By Tim Watt on December 12, 2011
Decorating for the holidays is a cherished tradition for many people, but those who care for people who have Alzheimer’s disease or another type of dementia should keep certain things in mind as they deck the halls this season, according to the Mayo Clinic.
The news source recommends that caregivers who providesenior care to loved ones who have Alzheimer’s should tone down their holiday decorations to better accommodate their loved ones. Blinking lights or large decorative displays can cause disorientation, and lighted candles can become a safety hazard. In addition, holiday decor should be free of decorations that the senior may confuse with edible treats, such as fake fruits in flower arrangements.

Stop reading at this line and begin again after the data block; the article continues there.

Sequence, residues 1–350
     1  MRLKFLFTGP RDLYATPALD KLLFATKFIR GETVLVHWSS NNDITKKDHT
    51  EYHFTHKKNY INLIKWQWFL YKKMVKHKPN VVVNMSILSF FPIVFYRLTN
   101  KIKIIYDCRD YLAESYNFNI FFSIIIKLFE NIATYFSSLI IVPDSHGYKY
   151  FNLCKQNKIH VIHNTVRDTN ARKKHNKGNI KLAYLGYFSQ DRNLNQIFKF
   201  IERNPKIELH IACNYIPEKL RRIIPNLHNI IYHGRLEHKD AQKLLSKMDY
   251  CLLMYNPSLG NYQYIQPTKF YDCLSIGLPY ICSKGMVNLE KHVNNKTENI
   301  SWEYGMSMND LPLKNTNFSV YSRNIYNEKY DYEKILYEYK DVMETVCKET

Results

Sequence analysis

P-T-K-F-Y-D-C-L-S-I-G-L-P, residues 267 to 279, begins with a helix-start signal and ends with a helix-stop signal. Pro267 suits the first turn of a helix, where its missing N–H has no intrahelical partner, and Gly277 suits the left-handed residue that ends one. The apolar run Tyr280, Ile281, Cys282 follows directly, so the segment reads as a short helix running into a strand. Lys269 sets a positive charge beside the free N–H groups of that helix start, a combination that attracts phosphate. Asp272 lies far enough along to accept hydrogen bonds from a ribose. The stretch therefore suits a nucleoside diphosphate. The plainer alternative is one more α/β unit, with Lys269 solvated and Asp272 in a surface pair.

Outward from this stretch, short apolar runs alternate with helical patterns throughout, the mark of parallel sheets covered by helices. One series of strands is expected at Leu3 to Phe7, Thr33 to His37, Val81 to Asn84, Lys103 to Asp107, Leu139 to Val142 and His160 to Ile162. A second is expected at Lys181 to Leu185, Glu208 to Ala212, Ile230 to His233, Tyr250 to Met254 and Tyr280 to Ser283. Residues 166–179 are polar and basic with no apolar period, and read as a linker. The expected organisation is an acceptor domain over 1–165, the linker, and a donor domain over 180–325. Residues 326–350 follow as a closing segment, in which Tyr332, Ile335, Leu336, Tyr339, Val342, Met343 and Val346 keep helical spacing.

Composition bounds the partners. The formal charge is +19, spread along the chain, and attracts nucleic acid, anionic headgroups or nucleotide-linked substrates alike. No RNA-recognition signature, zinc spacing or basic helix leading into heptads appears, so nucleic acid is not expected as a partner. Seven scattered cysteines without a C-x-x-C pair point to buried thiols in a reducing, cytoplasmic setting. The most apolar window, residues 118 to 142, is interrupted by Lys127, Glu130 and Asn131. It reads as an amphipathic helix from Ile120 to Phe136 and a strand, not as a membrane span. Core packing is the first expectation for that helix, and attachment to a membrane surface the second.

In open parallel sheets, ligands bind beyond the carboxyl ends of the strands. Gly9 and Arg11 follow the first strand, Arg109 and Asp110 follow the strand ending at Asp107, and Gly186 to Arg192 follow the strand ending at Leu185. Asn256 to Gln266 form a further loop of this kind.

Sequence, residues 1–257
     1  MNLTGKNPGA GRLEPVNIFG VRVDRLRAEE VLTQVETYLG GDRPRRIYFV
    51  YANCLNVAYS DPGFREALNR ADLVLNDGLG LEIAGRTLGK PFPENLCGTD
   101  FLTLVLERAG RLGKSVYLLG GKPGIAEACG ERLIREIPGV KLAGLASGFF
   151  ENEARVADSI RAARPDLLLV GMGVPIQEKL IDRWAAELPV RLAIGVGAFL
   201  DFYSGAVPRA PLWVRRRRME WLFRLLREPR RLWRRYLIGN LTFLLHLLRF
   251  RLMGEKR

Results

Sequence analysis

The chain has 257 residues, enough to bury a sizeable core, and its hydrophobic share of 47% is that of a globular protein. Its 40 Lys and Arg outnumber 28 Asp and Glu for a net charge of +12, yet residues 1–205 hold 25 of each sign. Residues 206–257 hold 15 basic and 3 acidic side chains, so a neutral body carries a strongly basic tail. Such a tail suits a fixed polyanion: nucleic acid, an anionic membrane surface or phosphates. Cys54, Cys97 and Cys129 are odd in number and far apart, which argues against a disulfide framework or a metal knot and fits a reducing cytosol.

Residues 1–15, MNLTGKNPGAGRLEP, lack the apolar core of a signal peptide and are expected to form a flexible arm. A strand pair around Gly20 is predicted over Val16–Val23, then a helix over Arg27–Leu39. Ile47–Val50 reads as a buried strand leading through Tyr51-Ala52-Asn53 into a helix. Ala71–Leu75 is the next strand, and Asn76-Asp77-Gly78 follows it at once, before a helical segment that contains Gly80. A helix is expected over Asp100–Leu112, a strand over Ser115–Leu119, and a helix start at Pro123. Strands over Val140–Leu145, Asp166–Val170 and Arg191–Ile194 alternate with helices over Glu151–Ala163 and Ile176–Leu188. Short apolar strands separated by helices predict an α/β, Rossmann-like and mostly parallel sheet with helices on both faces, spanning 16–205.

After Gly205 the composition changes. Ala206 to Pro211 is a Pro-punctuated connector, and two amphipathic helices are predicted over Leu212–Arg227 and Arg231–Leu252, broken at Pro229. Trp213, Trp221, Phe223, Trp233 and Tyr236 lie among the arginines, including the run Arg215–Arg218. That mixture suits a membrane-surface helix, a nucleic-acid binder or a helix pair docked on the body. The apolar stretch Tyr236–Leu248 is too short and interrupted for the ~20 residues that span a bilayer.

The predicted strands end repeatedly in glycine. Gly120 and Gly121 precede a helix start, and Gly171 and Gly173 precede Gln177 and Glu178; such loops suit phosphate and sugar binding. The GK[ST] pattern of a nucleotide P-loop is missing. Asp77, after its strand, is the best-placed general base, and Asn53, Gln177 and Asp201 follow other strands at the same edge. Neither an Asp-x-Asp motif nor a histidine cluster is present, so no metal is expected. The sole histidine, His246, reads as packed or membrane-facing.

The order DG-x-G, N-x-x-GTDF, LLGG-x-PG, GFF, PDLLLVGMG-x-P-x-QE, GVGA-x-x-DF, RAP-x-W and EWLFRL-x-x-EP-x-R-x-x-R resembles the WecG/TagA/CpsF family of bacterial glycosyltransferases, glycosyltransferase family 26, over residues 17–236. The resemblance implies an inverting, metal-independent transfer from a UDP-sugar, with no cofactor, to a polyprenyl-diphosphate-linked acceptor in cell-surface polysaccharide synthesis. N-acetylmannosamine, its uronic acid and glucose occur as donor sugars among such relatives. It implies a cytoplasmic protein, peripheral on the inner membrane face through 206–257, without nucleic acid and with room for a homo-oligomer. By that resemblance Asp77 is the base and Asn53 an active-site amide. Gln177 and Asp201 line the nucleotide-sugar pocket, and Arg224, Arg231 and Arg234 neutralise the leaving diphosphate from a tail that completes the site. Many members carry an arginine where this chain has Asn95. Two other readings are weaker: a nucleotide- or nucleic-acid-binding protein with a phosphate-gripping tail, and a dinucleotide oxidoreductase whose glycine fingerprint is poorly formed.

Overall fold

It may be difficult to forgo certain aspects of traditional holiday decor. The news outlet suggests that caregivers pick and choose which holiday activities are most important to them and focus on those traditions. The Alzheimer’s Association also recommends that caregivers take a moment to consider what type of holiday festivities will be the most meaningful, instead of being dragged down by trying to do “what you have always done.” This year may be the time to begin new traditions.